Managing Rickey Henderson, Circa 1999: A Possible Model for Handling Bobby Abreu, 2014


Okay, up front: I’m not mistaking Terry Collins for Bobby Valentine. That would be like mistaking a Tom Collins mixer for a mason jar of Kentucky bourbon. But after watching Bobby Abreu perform capably (so far!) for the 2014 Mets, I’m reminded of Rickey Henderson’s terrific (and unexpected) season for the 1999 Mets. At the time, I thought it was one of the best managing jobs of a single player I’d ever seen. I was convinced that Bobby Valentine squeezed the absolute best out of 40-year-old Rickey Henderson.


It was an unexpected success. And Rickey was squeezed dry in 1999. He hung around baseball until 2003 but it was his last successful season.


I decided to take a look back at the season, through the Rickey Lens. Rickey was, of course, one of the greatest to ever play the game. If you’re not convinced, just ask him. But he was 40 years old in the year he came to the Mets, coming off a 1998 season with the rickey-henderson-hot-tub-05718717Athletics where he played 152 games with 670 PAs. The slash line was .236/.376/.347. Even so, amazingly, he stole 66 bases and walked 118 times, leading the AL in both categories. Rickey was a man on a mission at that time, but not a team-oriented one. He needed 232 runs to pass Ty Cobb on the all-time list. He was third in walks behind Ted Williams and Babe Ruth. Rickey wanted to be on top in both those categories, and the only way to do it was to play, a lot. Admitted Rickey, “That’s why I keep going, I want to go out and challenge Ty’s and Babe Ruth’s record. It makes you want to keep playing.” Rickey signed with the Mets for 1 year at $2.3 million, with an option for 2000. At the news conference, the Mets even wheeled out a birthday cake with 40 candles. By all reports, Rickey blew ‘em out easily. The previous season, Mets leadoff hitters had a OBP of .321 with only 15 SBs. The signing of Henderson was a direct attempt by GM Steve Phillips to address that area of weakness. In fact, it had been a busy offseason overall:

The Mets have been one of the majors’ busiest teams in the off-season, spending $163.9 million to keep Mike Piazza, Al Leiter and Dennis Cook, and sign Henderson and Robin Ventura. They have also made two big trades, getting Bobby Bonilla and Armando Benitez and dealing away Todd Hundley and Mel Rojas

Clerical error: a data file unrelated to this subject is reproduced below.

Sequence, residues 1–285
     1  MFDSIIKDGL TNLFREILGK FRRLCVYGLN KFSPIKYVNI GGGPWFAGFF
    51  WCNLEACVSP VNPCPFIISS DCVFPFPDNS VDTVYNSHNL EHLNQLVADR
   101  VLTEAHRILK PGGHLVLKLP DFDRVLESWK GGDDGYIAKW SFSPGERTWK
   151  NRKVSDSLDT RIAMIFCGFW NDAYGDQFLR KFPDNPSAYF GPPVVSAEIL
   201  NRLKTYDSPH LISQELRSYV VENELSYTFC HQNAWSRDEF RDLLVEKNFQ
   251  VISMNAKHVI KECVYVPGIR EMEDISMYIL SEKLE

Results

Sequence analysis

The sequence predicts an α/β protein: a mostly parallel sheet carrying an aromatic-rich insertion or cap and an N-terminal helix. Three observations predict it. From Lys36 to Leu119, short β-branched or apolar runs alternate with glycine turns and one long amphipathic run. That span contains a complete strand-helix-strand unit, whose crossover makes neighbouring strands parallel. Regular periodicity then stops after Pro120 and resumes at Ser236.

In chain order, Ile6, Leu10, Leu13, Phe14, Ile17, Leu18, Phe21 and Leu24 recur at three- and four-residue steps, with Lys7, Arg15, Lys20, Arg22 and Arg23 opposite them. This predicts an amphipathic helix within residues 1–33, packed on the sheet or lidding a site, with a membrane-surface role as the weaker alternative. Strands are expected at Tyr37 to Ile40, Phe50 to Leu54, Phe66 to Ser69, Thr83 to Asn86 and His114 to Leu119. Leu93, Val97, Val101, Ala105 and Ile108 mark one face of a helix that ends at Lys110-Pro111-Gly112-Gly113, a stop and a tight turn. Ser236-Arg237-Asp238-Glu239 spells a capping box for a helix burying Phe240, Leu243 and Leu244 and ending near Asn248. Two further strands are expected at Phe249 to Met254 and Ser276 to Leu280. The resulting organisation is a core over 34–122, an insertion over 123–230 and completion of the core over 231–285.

Rickey perceived himself as an everyday player. Bobby Valentine had other ideas. The Mets manager understood that the season was more important than the game — something that to date has been lost on Terry Collins.


That team had a dynamite infield and a great hitting catcher, but the outfield was something of bobby-bonillaa mess. Brian McRae, Roger Cedeno, Benny Agbayani, Bobby Bonilla, Daryl Hamilton and the 40-year-old Rickey. One thing is that other than Henderson, who had a gigantic ego, the rest of those guys didn’t have the resume or promise to demand any playing time. Valentine, who loved to tinker anyway, was a great fit for that team. He certainly got the most out of the group, and Henderson had the best season of any of them.


BV had the fortitude to stand up to Rickey, who wanted to play everyday. Or, perhaps, BV had the salesmanship to get Rickey to understand that, with regular rest, he’d perform at a higher level. Rickey concluded the season with .315/.423/.466 in rate stats. He played quite a bit, too, 121 games overall, or 3 out of every 4 games.

By the way, I have to add our very own beloved Met, Bobby Abreu, put up a pretty awesome season back in the way back of 1999. At age 25, Bobby hit 20 HRs and stole 27 bases. Abreu’s astonishing slash line: .335/.446/.549. Pretty darn good.

But in order to get the most out of Old Man Abreu, Terry needs to rest him before he gets exhausted. And in order to get Abreu into semi-regular games, he’s going to have to sit Chris Young much more often, a player whom I shall now refer to as Mr. Fifth Wheel. (Or not.)

I repeat: Chris Young must sit much more often.

As we’ve seen all season so far, outfielders go down to injuries, get assigned to the DL. There’s always opportunities for guys to play. I just hope that Terry takes a page out of BV’s book and seeks to maximize Abreu impact across a full season through regular rest and judicious matchups.


The fact is that so far the signing of Abreu has worked out well for the Mets. Whether he can hold up over time, no matter how he is utilized, remains to be seen. But Abreu has always been a very talented player, and maybe, just maybe, we can squeeze out a nice surprise year from Bobby in 2014. As you pointed out, it has happened before. Abreu home runRickey home run